This year for the eighth summer in succession I presented—along with free pizza—a collection of old movies on a theme. The theme of this year’s series, jointly sponsored by the Ethics and Public Policy Center, where I am a resident scholar, and the Hudson Institute in Washington, where the films were shown, was “Middle America and the Movies.” There were six selections, all of them having something to do with the Midwest as seen from Hollywood and, therefore, as in some sense representative of the country as a whole in a way that Hollywood itself never quite managed to be—though it used to come a whole lot closer than it does today. Four of the six movies were set, wholly or partly, in Indiana, which I take to be the movie capital’s Platonic ideal of a Midwestern state, and which was as well the original home of The American Spectator. In fact, Steve Tesich, the Oscar-winning screenwriter of Breaking Away (1979), the final movie in the series, was a fraternity brother and roommate of the Spectator’s own R.
I have a suggestion for my left-wing Democratic friends in light of all the controversy over Obamacare. That the controversy continues all these years after the bill’s passage and that today much of the bill is in danger of amputation must be very dispiriting to those left-wingers who had such high hopes for it. They obviously labored assiduously to render it incomprehensible to the electorate and for a long time they succeeded. Yet the electorate wised up this month and voted into office large numbers of Republicans. Those Republicans are out to gut the legislation.
A day of horror. In Jerusalem, two Palestinian terrorists took up meat cleavers, knives, and a pistol. They attacked a small shul. In a quick rampage, they killed four rabbis who were unarmed, praying, hacking them to pieces. They also killed an Israeli policeman and wounded three more before they were killed by Israeli police.
On the same day, several older women claimed that they had been raped by the brilliant comedian, Bill Cosby. One by one these older women claimed that Cosby had drugged them, then raped them — then drugged and raped them over and over again as they traveled around the country with him. They knew they had been raped, but they kept traveling around the country with him, getting drugged, getting raped over a course of years. Was this rape? Could it possibly be rape under any normal definition of rape? How can it be rape if the women kept coming back for more? Maybe I am misunderstanding this story, but it sure looks as if we have some major publicity seekers on the move. Surely I must have it wrong.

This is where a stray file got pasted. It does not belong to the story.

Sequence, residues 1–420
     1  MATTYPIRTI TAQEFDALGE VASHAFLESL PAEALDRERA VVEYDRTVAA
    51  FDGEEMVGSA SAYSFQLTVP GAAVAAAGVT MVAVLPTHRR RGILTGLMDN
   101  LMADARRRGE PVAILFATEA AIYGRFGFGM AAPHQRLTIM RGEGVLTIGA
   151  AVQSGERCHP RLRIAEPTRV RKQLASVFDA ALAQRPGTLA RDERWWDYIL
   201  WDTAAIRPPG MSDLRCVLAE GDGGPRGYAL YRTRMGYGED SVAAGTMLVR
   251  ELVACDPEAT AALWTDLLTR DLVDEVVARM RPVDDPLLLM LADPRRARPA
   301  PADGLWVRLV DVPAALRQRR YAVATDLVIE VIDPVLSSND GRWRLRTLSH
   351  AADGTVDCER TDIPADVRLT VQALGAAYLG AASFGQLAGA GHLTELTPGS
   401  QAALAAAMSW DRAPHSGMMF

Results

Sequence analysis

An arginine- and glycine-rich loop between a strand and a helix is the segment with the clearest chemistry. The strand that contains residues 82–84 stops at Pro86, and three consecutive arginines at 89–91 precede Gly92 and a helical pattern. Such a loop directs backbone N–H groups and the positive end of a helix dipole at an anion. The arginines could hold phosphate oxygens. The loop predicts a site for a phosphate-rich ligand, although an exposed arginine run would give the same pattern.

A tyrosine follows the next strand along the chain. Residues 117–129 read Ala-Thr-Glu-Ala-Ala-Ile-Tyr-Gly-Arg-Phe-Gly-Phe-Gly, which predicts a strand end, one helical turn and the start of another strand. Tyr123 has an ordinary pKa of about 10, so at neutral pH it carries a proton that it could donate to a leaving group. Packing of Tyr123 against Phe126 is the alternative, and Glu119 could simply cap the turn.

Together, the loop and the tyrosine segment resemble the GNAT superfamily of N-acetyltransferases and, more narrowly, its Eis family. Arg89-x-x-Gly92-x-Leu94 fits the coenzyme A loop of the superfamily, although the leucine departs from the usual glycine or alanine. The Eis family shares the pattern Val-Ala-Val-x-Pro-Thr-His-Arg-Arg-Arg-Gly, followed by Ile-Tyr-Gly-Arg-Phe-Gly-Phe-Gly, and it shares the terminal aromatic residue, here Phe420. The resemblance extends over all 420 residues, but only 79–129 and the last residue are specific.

With much media fanfare, Silicon Valley billionaire Tom Steyer set out earlier this year to put an end to global warming skepticism through campaign contributions to favored candidates. Estimates of what he and his PAC spent range from $57 million to $74 million. What did he get for the money? Zip. A Republican majority in the Senate, an enlarged one in the House, and more Republican governors and state legislatures than before. There will be quite a few global warming skeptics among them.
He must have been paying too much attention to some pre-election academic polls and little to what voters were saying about 2014 priorities. He and fellow Democrats were cheered by two polls that measured perceptions. One, by Stanford University last year, had 73 percent of respondents saying they believed that global warming had been taking place over the last 100 years. And, 81 percent said they think it poses a serious problem for the U.S.
If anyone still has any doubt about the utter cynicism of the Obama administration, a recent agreement between the federal government and the Minneapolis Public Schools should open their eyes.
Under the Obama administration, both the Department of Education and the Department of Justice have been leaning on public schools around the country to reduce what they call the “disproportionate” numbers of black male students who are punished for various offenses in schools.
Under an implicit threat of losing their federal subsidies, the Minneapolis Public Schools have agreed to reduce the disparity in punishment of black students by 25 percent by the end of this school year, and then by 50 percent, 75 percent and finally 100 percent in each of the following years. In other words, there are now racial quota limits for punishment in the Minneapolis schools.
If we stop and think — as old-fashioned as that may seem — there is not the slightest reason to expect black males to commit the same number of offenses as Asian females or any other set of students.